Book Review: These Violent Delights

These Violent Delights by Victoria Namkung
Rating: 4 stars
Published: 11/12/17
Genre: Contemporary fiction
Read: 11/15/17

Summary from Goodreads:

At Windemere School for Girls, one of America’s elite private schools, Dr. Gregory Copeland is the beloved chair of the English Department. A married father with a penchant for romantic poetry—and impressionable teenage girls—he operates in plain sight for years, until one of his former students goes public with allegations of inappropriate conduct. With the help of an investigative journalist, and two additional Windemere alumnae who had relationships with Copeland as students, the unlikely quartet unites to take him down.

Set in modern-day Los Angeles, These Violent Delights is a literary exploration of the unyielding pressures and vulnerabilities that so many women and girls experience, and analyzes the ways in which our institutions and families fail to protect or defend us. A suspenseful and nuanced story told from multiple points of view, the novel examines themes of sexuality, trauma, revenge, and the American myth of liberty and justice for all.

I received this book from NetGalley in exchange for an honest review.

This book makes me angry. Not because of the book itself, but because of how much it reads like real life. This crap is happening all the time. And it makes me sick. I’ve been lucky enough to never suffer any form of sexual abuse in my life, but stories like this still scares the heck out of me and break my heart. This is some real person’s story, with a few details here and there changed. It’s disgusting.

The school cover-up hits kind of close to home too. I went to a pretty big, pretty well loved university, and I heard about plenty of instances of rape and sexual assault from friends and acquaintances. One friend even told me about a guy breaking into her dorm while she was alone and asleep. Luckily, he was a happy drunk, so they ended up just chatting for a bit and she got him out. Some of the dorms attached to mine had a string of rapes. Most of those were never mentioned by the university’s emergency alerts. Not that I’m aware that they were actively covering anything up, they just didn’t let us know about a lot of stuff that was happening.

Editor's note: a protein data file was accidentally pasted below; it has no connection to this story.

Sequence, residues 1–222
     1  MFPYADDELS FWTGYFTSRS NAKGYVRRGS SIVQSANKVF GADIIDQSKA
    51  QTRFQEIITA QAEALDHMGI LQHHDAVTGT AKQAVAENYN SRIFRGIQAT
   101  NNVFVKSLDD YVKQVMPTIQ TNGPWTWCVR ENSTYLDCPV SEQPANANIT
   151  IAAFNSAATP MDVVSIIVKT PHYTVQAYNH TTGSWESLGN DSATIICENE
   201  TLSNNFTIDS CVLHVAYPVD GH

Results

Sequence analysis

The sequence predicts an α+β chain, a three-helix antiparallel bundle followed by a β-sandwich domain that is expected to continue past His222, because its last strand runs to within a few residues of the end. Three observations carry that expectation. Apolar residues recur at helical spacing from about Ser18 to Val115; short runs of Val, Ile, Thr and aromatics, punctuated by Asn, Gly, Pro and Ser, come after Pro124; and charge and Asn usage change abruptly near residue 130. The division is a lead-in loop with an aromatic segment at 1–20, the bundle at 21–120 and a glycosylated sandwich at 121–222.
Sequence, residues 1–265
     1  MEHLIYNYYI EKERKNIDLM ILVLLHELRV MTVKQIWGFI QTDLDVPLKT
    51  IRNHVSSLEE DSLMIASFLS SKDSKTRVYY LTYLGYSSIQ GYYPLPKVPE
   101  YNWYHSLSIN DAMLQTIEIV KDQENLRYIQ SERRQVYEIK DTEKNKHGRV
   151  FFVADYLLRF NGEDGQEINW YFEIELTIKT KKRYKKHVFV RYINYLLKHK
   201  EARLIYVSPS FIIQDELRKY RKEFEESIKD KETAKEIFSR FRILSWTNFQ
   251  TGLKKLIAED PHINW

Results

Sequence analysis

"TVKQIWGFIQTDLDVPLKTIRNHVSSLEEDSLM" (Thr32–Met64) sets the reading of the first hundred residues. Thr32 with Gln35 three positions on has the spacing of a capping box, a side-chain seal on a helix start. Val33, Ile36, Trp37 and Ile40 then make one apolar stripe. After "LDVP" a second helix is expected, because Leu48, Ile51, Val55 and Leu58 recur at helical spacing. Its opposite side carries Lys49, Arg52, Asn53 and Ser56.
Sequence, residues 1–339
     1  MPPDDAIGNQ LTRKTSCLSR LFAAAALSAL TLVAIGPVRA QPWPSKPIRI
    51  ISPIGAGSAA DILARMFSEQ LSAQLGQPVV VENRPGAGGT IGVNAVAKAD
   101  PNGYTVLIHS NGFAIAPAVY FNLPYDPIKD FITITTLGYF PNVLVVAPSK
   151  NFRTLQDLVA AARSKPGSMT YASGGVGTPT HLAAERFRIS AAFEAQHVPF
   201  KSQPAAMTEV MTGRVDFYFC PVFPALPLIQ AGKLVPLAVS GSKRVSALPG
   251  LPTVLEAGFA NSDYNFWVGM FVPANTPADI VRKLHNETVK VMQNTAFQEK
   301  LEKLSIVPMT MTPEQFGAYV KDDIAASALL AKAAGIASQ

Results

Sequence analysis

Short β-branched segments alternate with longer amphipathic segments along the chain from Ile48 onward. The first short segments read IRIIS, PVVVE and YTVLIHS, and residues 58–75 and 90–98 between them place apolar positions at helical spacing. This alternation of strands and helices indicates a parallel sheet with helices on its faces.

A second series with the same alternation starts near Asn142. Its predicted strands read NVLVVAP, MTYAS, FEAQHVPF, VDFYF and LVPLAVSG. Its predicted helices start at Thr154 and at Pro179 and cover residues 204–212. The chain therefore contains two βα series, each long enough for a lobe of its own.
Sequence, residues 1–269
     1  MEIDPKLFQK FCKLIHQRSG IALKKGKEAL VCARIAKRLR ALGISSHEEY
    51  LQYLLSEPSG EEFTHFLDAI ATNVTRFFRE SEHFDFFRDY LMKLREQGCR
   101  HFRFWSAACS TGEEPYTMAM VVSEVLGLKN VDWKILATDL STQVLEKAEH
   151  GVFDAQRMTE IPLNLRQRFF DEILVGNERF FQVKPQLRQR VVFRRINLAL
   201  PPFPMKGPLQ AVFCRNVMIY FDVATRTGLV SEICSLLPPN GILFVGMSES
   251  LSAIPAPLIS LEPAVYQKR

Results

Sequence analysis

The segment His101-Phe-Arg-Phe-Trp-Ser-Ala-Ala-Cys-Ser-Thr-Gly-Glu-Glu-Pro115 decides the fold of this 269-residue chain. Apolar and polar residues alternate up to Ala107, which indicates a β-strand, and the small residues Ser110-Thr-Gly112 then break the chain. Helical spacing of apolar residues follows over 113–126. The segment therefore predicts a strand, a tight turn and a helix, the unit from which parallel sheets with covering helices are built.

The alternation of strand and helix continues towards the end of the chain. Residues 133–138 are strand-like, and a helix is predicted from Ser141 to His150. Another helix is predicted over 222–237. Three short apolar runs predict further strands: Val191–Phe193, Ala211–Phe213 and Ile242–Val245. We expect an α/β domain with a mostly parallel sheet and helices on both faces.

These Violent Delights tackled all of the issues surrounding this sort of crime very well. One of the biggest issues brought up, that I think is becoming a more widely recognized issue, is that victims of sexual assault are too afraid to speak up.  This because they’re afraid they won’t be believed. Sure, there are a few instances of women falsely reporting sexual assault, and I can understand why those may lead to people having a harder time believing that claim – but only from that person. As they say, she could be a “boy who cried wolf.”

“Don’t you find it interesting that these types of crimes against women- whether it’s violence, sexual assault, rape- are the only kinds we force the victim to make a case about their own innocence before even investigating?”

As in this book, one of the things making the news lately is many women coming forward together – because there is strength in numbers. So many people are predisposed to not believe women making these claims or trying to cover it up or make excuses, so of course when a greater number of women come forward it’s harder to disbelieve or quiet them all down.

This book also addresses the sentencing of rapists very well – white, well liked men (and a very few well liked men of color) get very, very short sentences, if anything, even with irrefutable evidence. Mr. Copeland seems to actually have gotten off pretty hard in this story. He was sentenced to a whole year, though that was expected to be halved. Stanford rapist Brock Turner only served three months. And that was with two eyewitnesses to the event.

The characters in this book seem to be really only ever viewed as victims. They all struggle with self hate and self doubt, and there’s really only a little bit towards the end of one of them seeming to overcome that a little. I would have liked to see a bit more of them saying “no matter what, this won’t keep me down” rather than “I hate myself for this. I can’t tell anyone about it” kind of things.

Also, while I love Jane for being so passionate about helping these women, I think her “reason” was unnecessary. Women are allowed to want to help other women without having a backstory. On the other hand, it does help show how widespread and how murky these sort of things can be.

Have you read These Violent Delights? What are your thoughts? As I’m sure you can tell, this is a subject I’m quite passionate about, and I would be quite happy to have a (polite) conversation about it.

2 thoughts on “Book Review: These Violent Delights

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